Intuit Insures Future of Fledgling IIS

A desktop banking giant jumps into the insurance delivery market with its acquisition of Interactive Insurance Services

When Intuit Corp. wanted to add insurance services to its Quicken Financial Network, it turned to a group of young, fresh entrepreneurs based in Alexandria, Va. Now a new link on Intuit's Quicken Financial Network leads straight to the Netplex.

The story behind the acquisition of Alexandria's Interactive Insurance Services makes clear how a small idea can spark the strategic interests of a big player.

On May 29, the $500 million Intuit of Mountain View, Calif., finalized the acquisition of IIS, a developer of an Internet-based system designed to allow consumers to obtain personalized insurance information from national insurance carriers through the World Wide Web. The acquisition, valued at $8.6 million, was completed in June 1996 by issuing approximately 172,000 shares of Intuit common stock to IIS shareholders. IIS now exists as a wholly owned subsidiary of Intuit.

Why did Intuit pick this fledgling company to help it get into the $750 billion insurance market?

IIS' 26-year-old founder and president, Steven Aldrich, is not surprised by their choice, though he never thought his idea would move quite so fast. The venture-backed company was founded in May 1995 by Aldrich and his two college friends, Mark McCrery, 28, and Robert Freeland, 27. The three had backgrounds in insurance, Internet marketing and client/server systems. In spring 1995, they created a business plan to combine Web technology with insurance services and took their idea to venture capital firms for funding. The idea caught the eyes of Morgan Stanley and Zurich Centre Investments, both of New York, which provided venture capital.

They spent a year developing the Web site, which since its launch last month has received more than 1,000 hits per day. Visitors to the site can assess their individual risk and insurance coverage needs, receive extensive information about participating insurance companies' products and services, submit on-line requests for additional information and access databases allowing them to locate agents. They also can schedule appointments electronically and link to the Web sites of auto, life and home insurance carriers.

IIS works with several carriers such as Lincoln Benefit Life, MetLife, TIG and Zurich Direct, which pay to have their policies included in the Web site. IIS is advised by experts in the insurance industry, including writer Ben Baldwin, who provides tips to consumers.

So how did IIS hook up with Intuit? The two stories are slightly different. According to Aldrich, in October 1995 IIS founders approached fewer than 10 companies about becoming distribution partners. They targeted companies that were "attached to a life cycle event" or companies that had access to consumers as they managed their personal finances. They sent materials to Microsoft but never heard back. The largest company to show interest was Intuit ? the only company that gave them an offer. But the offer was to merge, not to become partners. Aldrich and his partners accepted. They were anxious to have the Intuit name associated with their product and knew they could never compete with Intuit or Microsoft.

"We didn't expect to be bought right away," recalls Aldrich. "We expected a much longer period of development before we would take an exit strategy and before we received money for our efforts."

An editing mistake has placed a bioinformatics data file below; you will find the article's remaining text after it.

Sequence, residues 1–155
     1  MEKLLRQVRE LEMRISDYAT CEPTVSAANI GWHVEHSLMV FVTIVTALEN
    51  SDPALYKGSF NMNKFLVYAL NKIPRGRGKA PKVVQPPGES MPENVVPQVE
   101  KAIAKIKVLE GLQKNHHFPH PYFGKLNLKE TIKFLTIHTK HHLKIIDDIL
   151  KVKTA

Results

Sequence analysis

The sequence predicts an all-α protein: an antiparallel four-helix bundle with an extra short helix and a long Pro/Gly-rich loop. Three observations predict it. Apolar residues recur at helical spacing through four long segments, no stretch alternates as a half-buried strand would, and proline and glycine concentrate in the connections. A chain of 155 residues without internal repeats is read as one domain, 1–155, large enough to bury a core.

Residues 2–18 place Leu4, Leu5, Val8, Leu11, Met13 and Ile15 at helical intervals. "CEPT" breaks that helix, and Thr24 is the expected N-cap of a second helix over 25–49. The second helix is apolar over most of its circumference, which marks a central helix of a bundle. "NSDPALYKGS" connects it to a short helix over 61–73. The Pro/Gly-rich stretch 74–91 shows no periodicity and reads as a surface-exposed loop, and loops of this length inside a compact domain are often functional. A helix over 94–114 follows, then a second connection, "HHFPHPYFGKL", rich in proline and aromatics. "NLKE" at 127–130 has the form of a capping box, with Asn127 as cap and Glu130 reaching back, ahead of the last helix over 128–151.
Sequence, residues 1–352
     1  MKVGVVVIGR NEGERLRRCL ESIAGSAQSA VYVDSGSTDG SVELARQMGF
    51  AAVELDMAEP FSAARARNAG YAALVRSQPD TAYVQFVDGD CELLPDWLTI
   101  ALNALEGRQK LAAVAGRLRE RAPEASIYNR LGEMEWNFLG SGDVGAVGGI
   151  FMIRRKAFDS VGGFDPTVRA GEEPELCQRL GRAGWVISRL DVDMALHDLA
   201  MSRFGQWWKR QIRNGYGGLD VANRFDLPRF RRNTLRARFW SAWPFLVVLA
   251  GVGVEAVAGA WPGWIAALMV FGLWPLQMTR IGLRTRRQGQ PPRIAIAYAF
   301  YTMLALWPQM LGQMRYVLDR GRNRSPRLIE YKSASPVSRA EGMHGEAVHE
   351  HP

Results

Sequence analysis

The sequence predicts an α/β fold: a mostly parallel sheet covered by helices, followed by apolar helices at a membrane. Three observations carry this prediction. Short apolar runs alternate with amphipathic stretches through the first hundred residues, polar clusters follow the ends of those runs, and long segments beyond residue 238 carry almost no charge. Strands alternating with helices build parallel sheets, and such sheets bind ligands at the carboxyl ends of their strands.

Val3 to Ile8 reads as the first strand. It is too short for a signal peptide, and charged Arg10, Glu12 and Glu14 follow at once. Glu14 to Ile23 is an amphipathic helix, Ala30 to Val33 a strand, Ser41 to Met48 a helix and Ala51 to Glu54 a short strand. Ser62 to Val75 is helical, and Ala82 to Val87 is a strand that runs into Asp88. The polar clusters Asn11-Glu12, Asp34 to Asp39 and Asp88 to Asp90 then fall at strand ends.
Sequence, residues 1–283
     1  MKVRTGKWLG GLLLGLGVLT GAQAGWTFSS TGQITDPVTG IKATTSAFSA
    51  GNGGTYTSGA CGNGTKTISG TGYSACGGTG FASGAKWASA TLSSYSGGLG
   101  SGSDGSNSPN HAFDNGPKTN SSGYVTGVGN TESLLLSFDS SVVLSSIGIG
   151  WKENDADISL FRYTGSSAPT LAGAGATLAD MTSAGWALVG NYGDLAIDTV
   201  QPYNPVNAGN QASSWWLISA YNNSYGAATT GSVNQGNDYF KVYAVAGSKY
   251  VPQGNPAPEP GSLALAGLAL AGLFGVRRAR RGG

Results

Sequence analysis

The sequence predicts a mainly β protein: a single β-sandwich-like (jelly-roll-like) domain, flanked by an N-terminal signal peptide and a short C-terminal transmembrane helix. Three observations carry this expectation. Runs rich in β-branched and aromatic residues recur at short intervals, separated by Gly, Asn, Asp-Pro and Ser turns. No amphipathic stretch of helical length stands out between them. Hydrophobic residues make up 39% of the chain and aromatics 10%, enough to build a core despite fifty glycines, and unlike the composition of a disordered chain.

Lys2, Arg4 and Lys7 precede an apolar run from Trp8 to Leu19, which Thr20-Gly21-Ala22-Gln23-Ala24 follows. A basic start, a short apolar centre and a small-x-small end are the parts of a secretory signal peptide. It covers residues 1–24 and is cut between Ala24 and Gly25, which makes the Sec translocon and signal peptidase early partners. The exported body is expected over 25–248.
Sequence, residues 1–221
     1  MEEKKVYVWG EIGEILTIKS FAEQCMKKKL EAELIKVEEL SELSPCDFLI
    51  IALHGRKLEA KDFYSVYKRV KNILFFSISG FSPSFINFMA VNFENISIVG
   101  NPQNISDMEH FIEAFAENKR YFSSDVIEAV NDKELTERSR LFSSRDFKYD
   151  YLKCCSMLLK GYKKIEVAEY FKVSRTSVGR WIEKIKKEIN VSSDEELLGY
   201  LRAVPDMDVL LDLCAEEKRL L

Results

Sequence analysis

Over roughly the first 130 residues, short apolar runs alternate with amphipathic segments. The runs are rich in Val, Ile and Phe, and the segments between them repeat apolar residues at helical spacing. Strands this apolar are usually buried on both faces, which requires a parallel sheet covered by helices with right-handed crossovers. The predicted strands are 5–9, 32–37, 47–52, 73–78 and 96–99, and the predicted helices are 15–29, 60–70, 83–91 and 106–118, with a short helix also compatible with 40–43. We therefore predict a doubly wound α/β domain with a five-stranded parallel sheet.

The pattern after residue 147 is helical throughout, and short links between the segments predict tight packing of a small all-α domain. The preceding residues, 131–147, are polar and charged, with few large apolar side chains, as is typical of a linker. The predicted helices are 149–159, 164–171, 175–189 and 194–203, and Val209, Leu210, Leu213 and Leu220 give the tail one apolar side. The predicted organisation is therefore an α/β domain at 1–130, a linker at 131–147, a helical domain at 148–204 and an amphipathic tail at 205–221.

Six months ago, Intuit started to pursue the insurance market.

"We had been actively looking for people who would help us move quickly into providing delivery services and technology for insurance carriers," said Bill Harris, executive vice president of Intuit.

Harris said IIS was referred to his company by Intuit employees who had gone to Stanford Business School with Aldrich. The entire deal took less than six months from the initial approach to the merger.

The insurance service will be offered on the Quicken Financial Network (http://www., which includes investing and banking services, financial news and information. The product will appear as InsureMarket and maintain its original design.

According to Harris, IIS was chosen over two other companies Intuit was considering as vehicles into the insurance delivery market. Intuit officials were impressed by IIS' data-driven technology, which is built on a database that runs on a sophisticated set of input from the user and the insurance carrier.

"We looked outside of Intuit [to get into this market] because we have too many projects going on and it's difficult to move quickly without combining internal and external resources," said Harris.

Analysts agreed that this is a logical move for Intuit.

"Intuit is aggressively pursuing a suite of financial services," said Peter Rogers, software industry analyst for Bear Stearns in San Francisco. "IIS fits perfectly into their strategy."

Consumers will use the product because people consider insurance complicated, and the process of finding the right carrier can be tedious, Rogers said.

Phoebe Simpson, an analyst for Jupiter Communications in New York, said the timing of the acquisition is perfect for Intuit.

"They are beating the consumers to the punch by providing a service before it becomes hyped up," said Simpson.

"IIS has a very advanced system and a stellar group of partners and insurance providers. It has excellent functionality in the marketplace."

Meanwhile, Intuit appears willing to wait for the payoff. Harris says Intuit doesn't expect the new product to be a significant part of its revenues in the near future.

Intuit will keep the company in Alexandria in "an effort to support and encourage development." Aldrich is already thinking about developing the product for Intuit's Quicken financial planning software that now has Netscape built in.

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